- In general, civilian clothing was made of linen or wool in
a variety of colors, and at times, cotton or silk. While variations
did exist as a result of social
status, the sillhouette of Roman women in the 1st Century
was affected by a few basic garments:
is the basic woman's garment. It is 26" to 40"+ wide
and reaches to the ankles when belted. It is generally sleeveless,
and the neckline is made by leaving part of the top edge unsewn.
The top can also be held with buttons or brooches (fibulae).
is worn by a married Roman woman, but it is very simialr to
the tunica. Sometimes the stola is shown pleated vertically
and fastened along the top edge. It is wide enough and long
enough to cover the tunica even when belted . There can be one
belt slightly above the waist, and/or a second belt directly
under the bust.
Another option for
the Roman woman is the Greek peplos. The peplos was made
from two rectangular pieces of cloth sewn together on the lower
portions of both sides; the open sections at the top were then
folded down in the front and back. This garment was fastened
at the shoulders, forming a sleeveless dress; and belted over
or under the overhanging folds, which may end above the waist
or extend almost to the knees.
is a large rectangular wrap, at least 5' by 9'. It is roughly
equivalent to a man's toga, and was always worn in public.
While the tunica
often served as an undergarment, there are also references to
the supparum, subucula, and (for matrons) indusium,
slip-like garments, hanging from the waist. Additionally, Roman
women wore the strophium, a brassiere. The strophium
is a band of soft linen 6" to 8" wide (or a folded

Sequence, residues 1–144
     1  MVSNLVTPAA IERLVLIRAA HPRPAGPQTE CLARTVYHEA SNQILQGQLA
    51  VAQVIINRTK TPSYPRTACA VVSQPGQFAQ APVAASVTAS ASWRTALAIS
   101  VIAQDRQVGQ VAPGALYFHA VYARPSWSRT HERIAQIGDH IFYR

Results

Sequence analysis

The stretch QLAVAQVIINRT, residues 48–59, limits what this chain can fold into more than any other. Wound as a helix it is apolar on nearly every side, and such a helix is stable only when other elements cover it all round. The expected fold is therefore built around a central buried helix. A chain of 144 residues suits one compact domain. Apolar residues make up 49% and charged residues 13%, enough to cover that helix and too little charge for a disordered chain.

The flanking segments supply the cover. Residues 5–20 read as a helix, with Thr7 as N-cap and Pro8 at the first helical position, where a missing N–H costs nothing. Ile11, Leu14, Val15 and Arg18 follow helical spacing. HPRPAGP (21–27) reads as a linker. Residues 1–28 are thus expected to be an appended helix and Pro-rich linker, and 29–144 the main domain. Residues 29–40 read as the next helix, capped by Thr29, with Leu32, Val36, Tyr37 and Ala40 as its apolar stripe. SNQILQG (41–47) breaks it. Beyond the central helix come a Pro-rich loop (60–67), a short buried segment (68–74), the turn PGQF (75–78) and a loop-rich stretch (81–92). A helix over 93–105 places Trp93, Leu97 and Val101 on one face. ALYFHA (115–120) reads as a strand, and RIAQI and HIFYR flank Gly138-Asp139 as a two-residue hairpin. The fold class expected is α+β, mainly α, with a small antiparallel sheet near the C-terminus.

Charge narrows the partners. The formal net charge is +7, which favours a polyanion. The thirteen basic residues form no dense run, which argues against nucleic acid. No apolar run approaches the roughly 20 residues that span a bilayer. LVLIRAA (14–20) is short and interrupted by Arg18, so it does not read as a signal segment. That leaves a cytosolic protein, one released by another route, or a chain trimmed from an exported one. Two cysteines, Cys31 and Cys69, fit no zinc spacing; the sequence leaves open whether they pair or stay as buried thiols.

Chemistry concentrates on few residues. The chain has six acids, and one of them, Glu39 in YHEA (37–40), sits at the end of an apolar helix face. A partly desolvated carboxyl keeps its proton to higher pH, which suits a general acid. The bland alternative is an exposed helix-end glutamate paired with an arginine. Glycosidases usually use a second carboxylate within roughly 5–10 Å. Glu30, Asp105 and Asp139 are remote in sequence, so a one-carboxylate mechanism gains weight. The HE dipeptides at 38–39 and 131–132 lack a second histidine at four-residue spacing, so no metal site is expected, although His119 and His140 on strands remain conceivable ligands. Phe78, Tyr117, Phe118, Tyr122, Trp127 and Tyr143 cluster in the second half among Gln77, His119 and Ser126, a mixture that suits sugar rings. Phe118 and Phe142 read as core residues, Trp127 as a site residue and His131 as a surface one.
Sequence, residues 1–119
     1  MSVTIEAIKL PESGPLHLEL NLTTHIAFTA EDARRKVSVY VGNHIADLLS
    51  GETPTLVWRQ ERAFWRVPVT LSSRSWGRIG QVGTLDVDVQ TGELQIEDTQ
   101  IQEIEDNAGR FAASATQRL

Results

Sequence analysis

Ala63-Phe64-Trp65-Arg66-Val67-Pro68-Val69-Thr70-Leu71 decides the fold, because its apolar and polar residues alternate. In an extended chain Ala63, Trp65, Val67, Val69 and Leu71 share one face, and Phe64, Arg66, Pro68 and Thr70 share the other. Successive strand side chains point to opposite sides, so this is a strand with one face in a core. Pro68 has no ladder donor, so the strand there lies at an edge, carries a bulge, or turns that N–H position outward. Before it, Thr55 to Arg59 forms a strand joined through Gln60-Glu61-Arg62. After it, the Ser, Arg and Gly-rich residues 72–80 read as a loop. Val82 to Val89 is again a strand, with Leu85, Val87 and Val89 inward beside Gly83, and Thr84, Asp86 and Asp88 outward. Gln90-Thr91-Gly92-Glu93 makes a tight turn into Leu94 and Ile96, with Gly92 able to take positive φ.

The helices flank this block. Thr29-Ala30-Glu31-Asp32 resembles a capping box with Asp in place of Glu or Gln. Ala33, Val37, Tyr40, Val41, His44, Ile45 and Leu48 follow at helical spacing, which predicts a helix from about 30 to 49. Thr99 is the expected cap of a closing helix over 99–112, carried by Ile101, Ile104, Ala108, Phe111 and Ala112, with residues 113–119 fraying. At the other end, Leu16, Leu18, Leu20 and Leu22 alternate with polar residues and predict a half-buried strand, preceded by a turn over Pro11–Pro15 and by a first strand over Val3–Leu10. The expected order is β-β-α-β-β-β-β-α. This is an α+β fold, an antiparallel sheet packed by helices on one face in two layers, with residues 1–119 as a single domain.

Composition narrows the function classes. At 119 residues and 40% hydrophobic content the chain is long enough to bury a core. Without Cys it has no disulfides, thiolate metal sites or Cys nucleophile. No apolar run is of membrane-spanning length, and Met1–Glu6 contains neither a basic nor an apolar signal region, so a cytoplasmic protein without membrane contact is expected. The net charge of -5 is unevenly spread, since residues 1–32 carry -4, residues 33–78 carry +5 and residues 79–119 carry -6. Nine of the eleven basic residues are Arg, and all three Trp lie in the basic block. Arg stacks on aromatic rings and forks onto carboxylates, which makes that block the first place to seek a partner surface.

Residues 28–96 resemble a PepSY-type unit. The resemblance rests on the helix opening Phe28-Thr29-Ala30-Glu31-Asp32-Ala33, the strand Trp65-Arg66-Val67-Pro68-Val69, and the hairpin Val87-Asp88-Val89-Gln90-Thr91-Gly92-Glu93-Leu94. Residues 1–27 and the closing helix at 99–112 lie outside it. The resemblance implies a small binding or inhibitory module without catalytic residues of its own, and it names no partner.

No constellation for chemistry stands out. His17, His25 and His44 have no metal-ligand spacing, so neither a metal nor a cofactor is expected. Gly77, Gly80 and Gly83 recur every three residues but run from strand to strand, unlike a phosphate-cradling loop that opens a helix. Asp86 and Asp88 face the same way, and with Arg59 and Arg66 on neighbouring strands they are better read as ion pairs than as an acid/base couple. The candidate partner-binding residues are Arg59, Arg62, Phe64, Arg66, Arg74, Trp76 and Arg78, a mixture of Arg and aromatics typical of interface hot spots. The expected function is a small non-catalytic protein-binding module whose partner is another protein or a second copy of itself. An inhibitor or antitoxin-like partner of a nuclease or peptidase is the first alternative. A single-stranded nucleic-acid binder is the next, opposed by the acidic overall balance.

wider strip), long enough to go around the body at least twice.
were amazingly varied. While upper-class women favored elaborate
arrangements, especially after the Augustan period, simpler
hairdos were coiled braids or a bun. Girls and women traditionally
tied their hair back with thin woolen bands called vittae,
which were considered spiritual protection. See this
page for some excellent examples of Roman hairstyles.
For Men -
In general, civilian clothing was made of linen or wool, and
consisted of the tunic(s) and footwear.
The civilian tunic
can be any color, is long enough to cover the knees, and is
worn with a narrow cloth or leather belt. The most common style
for men of the 1st Century was sleeveless with an opening at
the top for the neck. Senators wore a white tunic with two broad
purple vertical clavii (stripes) running from shoulder
to hem. Equestrians were permitted to wear narrow clavii.
Stripes in colors other than purple on white are seen on tunics
of everyday citizens and slaves.
is the Greek tunic, made like the woman's peplos with
an overhanging fold of cloth which reaches almost to the waist.
Romans wore a variety
of cloaks, including the paenula, laena, lacerna, sagum,
cucullus, and the Greek himation. The sagum
and the himation are rectangular, and the paenula
is semicircular or oval. The lacerna was semi-circular
and pinned at the right shoulder, and the laena is a
circular or semi-circular cloak worn by a priest, and clasped
in back. The cucullus is hooded and similar to the paenula,
but shorter, worn by many workers and slaves. Historical references
are confusing and contradictory, and these terms may have been
is a loincloth fastened with a belt. When tied at the waist,
it may be called a perizoma.